So the bottom line, if you’re looking for the highest sound quality, go with the Yamaha MX49, if portability is your concern, than the MicorARRANGER might before you, and the most for your money goes to the WK6600.

Hopefully you found this article helpful and useful. If you did, feel free to leave a comment below.

Get an adjustable stereo image with Mid-Side Miking Technique

The Mid-Side miking techniqe is a very cool miking setup that will give you a way to adjust stereo image width after recording. How does it work? You only need two mics, but they have to be mics with specific pickup patterns.

The first type of mic you’ll need is any mic with a figure 8 pickup pattern. What this means is a microphone that picks up on both sides equally. The silver ribbon mic seen in my posted pics is like this. Other mics with a figure 8 pickup pattern are the Beyerdynamic M130 Double Ribbon Microphone, or the adjustable BEHRINGER C-3.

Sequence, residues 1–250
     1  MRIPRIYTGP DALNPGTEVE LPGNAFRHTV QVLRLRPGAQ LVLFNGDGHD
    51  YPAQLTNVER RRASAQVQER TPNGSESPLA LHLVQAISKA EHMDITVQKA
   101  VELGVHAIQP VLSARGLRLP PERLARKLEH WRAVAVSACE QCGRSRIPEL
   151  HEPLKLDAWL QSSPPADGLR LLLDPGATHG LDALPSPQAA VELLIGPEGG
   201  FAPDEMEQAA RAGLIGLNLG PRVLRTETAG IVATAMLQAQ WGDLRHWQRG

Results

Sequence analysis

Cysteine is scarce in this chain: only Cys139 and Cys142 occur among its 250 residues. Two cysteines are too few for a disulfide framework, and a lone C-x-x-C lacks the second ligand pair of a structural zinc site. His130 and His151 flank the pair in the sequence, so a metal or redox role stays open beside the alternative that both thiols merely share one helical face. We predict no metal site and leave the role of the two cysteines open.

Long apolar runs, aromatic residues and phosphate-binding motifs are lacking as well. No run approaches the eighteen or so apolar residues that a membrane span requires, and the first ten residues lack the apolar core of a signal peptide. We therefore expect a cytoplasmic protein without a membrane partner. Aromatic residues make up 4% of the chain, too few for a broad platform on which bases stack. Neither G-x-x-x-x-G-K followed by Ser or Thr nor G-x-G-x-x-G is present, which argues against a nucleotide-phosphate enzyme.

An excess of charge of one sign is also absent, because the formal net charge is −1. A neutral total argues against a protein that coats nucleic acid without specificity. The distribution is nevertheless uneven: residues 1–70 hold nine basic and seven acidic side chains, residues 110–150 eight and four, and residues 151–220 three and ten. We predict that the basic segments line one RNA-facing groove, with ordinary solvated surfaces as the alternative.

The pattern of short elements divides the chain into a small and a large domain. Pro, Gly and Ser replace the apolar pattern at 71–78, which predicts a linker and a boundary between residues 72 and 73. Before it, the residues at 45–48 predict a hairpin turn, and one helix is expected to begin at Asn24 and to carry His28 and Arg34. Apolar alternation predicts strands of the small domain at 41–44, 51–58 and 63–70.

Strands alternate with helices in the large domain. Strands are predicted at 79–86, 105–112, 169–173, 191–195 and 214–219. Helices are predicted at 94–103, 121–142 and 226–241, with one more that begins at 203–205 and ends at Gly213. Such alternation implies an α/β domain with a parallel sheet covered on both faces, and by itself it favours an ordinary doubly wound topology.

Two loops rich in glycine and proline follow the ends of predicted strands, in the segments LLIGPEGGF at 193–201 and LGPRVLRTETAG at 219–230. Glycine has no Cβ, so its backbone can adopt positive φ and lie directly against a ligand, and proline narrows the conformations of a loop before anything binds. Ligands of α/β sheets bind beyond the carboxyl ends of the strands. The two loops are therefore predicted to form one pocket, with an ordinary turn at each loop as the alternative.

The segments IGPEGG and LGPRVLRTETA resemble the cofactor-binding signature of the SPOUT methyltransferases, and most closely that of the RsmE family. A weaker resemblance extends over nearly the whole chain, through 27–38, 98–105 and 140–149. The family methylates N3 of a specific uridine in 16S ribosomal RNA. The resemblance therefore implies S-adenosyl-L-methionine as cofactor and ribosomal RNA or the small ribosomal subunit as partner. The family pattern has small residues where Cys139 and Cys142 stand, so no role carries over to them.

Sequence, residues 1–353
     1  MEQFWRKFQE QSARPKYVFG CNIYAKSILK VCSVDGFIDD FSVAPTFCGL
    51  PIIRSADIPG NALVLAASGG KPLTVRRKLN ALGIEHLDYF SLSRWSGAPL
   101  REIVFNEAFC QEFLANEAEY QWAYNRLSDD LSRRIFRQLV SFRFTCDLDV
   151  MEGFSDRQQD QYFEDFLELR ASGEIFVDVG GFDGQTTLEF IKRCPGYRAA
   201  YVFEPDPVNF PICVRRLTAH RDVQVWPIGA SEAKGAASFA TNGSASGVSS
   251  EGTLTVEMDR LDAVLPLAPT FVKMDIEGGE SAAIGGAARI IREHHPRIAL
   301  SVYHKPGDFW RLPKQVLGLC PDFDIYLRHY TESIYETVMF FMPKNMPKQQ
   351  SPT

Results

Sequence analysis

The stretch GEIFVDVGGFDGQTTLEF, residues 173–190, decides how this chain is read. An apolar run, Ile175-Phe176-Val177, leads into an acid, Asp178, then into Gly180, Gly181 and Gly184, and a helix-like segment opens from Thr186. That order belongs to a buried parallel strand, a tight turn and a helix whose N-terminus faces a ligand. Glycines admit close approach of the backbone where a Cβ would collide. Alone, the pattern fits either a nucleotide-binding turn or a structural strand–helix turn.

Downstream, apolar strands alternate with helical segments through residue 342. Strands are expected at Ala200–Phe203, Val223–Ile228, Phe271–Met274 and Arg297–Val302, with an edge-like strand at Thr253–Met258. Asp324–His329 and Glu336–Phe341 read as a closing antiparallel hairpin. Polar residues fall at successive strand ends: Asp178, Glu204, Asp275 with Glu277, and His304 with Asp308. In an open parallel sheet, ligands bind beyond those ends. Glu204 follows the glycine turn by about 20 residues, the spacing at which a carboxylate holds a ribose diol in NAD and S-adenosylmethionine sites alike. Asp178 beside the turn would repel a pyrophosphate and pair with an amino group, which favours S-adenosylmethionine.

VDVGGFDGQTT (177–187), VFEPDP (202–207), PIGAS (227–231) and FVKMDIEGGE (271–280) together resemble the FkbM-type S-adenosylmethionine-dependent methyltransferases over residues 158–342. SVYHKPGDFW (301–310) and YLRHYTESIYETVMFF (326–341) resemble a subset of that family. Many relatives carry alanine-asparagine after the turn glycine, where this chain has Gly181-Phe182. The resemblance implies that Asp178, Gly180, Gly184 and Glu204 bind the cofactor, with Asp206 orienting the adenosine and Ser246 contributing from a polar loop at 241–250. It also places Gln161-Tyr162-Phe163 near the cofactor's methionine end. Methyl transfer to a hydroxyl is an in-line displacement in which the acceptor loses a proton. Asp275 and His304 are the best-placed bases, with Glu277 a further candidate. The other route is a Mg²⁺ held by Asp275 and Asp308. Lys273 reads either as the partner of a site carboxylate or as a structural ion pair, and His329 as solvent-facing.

The other type of microphone you will need is any microphone with a cardioid pickup pattern. This means the microphone is one directional and picks up in a sort of heart-shaped pattern in the area in front of the microphone. Most dynamic micrphones such as the Shure SM-57, or the Sennheiser MD 421 II will work for this. You can even use a condenser mic like the BM-800 I’m using in the 3rd pic above. 

Then once you have the correct mics, you need to place them correctly. Whatever you are miking (in my examples it was drums) you need to place the figure 8 mic with one of the sides of the mic that does not pickup, so the figure 8 is horizontally placed in front of the instrument you are recording. Then you take the cardioid mic and point it at whatever you are miking and place it as close as possible to the intersection of the figure 8 pattern without actually touching the other mic. (see my example pics above).

When you open the two channels in your DAW, the first thing you will want to do is copy the figure 8 mic and put the copy on another channel. Then invert the phase of the copied channel of the figure 8 mic. Once this is done, pan the first fig8 hard left and the second fig8 hard right. Then keep the cardioid mic panned center. Keep the two figure 8 mics the same level. If you have the higher the cardioid mic is set in comparison to the fig8 mics, the narrower the stereo image will be. And likewise the higher the fig8 channels are in comparison to the cardioid the wider the stereo image will be. Some DAWs like Qtractor lack the ability to invert phase, but there’s an LADSPA plugin called inverter that you can put on the channel that will do the trick.